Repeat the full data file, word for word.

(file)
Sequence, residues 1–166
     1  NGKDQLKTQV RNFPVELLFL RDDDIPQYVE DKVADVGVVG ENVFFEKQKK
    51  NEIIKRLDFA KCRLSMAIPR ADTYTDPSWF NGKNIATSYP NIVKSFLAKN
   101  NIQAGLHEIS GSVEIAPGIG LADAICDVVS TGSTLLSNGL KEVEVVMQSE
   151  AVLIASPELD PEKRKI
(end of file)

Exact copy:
Sequence, residues 1–166
     1  NGKDQLKTQV RNFPVELLFL RDDDIPQYVE DKVADVGVVG ENVFFEKQKK
    51  NEIIKRLDFA KCRLSMAIPR ADTYTDPSWF NGKNIATSYP NIVKSFLAKN
   101  NIQAGLHEIS GSVEIAPGIG LADAICDVVS TGSTLLSNGL KEVEVVMQSE
   151  AVLIASPELD PEKRKI